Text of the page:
Over the past few years, neuroscientists have made significant strides in understanding how the human brain works and how we learn.
The practical insights generated from neuroscience research can enable teachers to teach effectively, as well as increase the learning capacity of students, further boosting their cognitive skill development.
Below are some of the best tips:
Teaching inclusively to reach the different kinds of learners in your classroom:
Students in typical classrooms differ widely in their “working memory capacity,” or the amount of information they can hold temporarily in their minds. Some students can hold a lot, which allows them to learn more quickly. I call these “race car” learners.
“Hiker” learners, on the other hand, don’t have as much temporary mental storage space, which means they learn more slowly. The important idea is that both race cars and hikers can get to the finish line and learn the material.
The value of retrieval practice:
Retrieval practice means learning something-say, a new word in a foreign language or how to solve a problem and then seeing if you can retrieve it from your brain. If you can do it, great you’re making progress in your learning!
Each retrieval strengthens the neural links of learning. The trick is to pull the solution from your own brain-not peek at a page in a book or your notes. If you have to peek, the material is not yet in your brain-you haven’t learned it.
The best way to remember information in the long-term:
The best way to remember information long-term is to use retrieval practice. But here’s the additional magical twist-space that retrieval practice out over several days.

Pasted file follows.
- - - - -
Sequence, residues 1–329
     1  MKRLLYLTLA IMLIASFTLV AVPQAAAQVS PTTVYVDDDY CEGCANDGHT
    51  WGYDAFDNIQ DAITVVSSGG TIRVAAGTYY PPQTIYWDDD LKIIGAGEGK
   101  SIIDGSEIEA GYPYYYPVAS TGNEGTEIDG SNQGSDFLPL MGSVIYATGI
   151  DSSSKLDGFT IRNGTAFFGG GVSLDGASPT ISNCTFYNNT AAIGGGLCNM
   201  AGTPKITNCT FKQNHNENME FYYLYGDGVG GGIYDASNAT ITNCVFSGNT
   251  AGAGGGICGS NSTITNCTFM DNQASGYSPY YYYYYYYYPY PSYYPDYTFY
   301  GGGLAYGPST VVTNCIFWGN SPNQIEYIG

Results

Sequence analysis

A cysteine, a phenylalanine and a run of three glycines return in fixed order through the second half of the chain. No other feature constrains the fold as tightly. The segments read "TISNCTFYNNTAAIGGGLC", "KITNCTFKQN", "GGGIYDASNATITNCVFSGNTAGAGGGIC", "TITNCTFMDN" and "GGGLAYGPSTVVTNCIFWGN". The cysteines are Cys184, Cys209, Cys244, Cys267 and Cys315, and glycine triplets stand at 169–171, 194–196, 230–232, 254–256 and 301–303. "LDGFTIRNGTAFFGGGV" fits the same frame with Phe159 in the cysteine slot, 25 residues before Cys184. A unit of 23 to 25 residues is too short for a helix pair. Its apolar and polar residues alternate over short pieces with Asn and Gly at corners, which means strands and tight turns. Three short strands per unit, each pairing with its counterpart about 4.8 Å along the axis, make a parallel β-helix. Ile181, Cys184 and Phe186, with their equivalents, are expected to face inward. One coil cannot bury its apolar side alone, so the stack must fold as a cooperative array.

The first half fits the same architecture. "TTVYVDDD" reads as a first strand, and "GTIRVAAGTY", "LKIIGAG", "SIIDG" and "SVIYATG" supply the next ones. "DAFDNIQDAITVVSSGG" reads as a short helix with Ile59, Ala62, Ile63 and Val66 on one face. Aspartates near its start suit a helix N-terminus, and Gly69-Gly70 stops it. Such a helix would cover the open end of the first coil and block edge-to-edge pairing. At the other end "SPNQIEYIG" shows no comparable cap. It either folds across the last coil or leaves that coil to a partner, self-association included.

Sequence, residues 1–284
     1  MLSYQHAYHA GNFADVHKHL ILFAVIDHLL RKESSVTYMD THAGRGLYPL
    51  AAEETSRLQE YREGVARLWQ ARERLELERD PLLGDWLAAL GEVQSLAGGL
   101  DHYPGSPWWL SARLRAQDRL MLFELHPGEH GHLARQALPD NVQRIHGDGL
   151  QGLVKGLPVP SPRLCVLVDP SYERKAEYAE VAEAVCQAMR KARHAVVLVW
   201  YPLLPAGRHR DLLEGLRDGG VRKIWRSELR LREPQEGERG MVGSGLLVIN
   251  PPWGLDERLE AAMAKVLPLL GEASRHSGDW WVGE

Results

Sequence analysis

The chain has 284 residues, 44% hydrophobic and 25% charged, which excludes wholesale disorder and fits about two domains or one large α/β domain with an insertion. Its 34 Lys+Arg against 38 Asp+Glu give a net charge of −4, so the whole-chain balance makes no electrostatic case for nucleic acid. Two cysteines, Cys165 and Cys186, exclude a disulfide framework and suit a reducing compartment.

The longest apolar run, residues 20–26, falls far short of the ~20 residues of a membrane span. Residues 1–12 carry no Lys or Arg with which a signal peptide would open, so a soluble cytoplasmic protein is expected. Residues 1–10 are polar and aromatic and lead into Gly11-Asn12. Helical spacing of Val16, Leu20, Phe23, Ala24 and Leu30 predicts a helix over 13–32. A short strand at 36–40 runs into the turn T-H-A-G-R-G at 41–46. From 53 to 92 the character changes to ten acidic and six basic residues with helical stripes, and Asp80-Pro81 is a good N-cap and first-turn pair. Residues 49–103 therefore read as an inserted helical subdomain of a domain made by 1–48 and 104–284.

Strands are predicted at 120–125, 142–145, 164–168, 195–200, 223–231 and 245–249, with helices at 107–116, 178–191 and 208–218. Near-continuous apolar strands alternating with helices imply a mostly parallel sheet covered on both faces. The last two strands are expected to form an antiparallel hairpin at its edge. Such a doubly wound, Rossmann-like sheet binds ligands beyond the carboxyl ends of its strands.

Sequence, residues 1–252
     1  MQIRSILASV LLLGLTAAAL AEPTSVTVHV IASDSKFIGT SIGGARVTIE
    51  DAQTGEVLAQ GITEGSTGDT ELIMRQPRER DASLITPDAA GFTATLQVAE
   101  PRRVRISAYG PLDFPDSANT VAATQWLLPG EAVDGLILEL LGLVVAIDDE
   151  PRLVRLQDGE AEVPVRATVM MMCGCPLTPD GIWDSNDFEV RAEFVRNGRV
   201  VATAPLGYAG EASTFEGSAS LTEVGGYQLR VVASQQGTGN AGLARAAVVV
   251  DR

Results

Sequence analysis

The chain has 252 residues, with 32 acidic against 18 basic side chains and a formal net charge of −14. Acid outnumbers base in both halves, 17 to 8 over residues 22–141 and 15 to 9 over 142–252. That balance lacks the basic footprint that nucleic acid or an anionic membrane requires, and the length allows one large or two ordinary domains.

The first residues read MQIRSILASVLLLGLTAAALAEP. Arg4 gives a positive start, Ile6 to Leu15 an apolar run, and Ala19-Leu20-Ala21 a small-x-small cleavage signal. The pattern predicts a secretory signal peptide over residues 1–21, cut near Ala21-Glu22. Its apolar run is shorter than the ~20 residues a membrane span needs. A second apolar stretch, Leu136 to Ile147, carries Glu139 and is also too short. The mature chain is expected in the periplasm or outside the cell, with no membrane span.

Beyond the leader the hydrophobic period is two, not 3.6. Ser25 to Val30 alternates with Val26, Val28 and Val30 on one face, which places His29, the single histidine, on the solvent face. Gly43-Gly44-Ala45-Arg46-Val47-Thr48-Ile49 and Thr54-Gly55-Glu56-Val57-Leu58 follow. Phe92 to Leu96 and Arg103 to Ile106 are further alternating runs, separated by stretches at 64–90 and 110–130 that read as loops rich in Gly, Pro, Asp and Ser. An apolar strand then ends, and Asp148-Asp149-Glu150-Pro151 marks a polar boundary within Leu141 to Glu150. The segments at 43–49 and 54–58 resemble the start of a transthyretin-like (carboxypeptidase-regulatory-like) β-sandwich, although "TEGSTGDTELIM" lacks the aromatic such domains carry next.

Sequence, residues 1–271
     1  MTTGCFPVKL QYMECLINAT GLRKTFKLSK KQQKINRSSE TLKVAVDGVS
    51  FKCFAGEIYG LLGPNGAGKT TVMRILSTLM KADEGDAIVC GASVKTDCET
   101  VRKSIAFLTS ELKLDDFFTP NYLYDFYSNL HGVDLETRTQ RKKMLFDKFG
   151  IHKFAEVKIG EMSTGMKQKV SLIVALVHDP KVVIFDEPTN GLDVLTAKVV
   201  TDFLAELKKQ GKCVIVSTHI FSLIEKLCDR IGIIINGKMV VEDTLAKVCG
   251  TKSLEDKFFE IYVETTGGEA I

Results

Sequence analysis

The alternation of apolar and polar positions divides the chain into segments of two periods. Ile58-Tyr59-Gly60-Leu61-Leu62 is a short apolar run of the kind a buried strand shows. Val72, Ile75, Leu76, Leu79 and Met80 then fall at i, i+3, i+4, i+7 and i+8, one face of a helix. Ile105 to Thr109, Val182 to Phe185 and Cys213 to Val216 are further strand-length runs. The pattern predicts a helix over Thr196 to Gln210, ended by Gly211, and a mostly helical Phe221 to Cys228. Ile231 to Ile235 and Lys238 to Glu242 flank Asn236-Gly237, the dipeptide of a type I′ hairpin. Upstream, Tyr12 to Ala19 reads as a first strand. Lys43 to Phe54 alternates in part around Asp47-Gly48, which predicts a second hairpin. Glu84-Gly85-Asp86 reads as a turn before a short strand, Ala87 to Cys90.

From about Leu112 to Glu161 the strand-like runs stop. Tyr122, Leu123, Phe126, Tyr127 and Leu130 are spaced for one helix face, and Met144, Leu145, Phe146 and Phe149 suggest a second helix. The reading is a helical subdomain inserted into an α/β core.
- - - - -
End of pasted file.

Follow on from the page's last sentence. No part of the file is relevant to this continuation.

For example, if you have five hours to devote to learning, space those five hours over five days. Don’t just cram it all in one day. You’ll learn much better!
Vary practice to maximize understanding:
Blocking is when you learn a new concept by repeating it over and over again. Say you’re learning the geometric, binomial, and negative binomial distributions. Blocking would mean you’d do perhaps a dozen geometric problems, then a dozen binomial, then a dozen geometric. You’ve learned those concepts well, right? Wrong! You haven’t studied the difference between the concepts!
In other words, if you saw a problem and weren’t told which technique to use, you could end up choosing the wrong method. Interleaving means that you randomly mix your practice in solving the different types of problems.
This allows students to see when they should choose one problem approach versus another. By interleaving over several days (spaced repetition), students begin to deploy their powerful procedural systems to detect when to use different methods. This provides the intuition needed to excel on tests!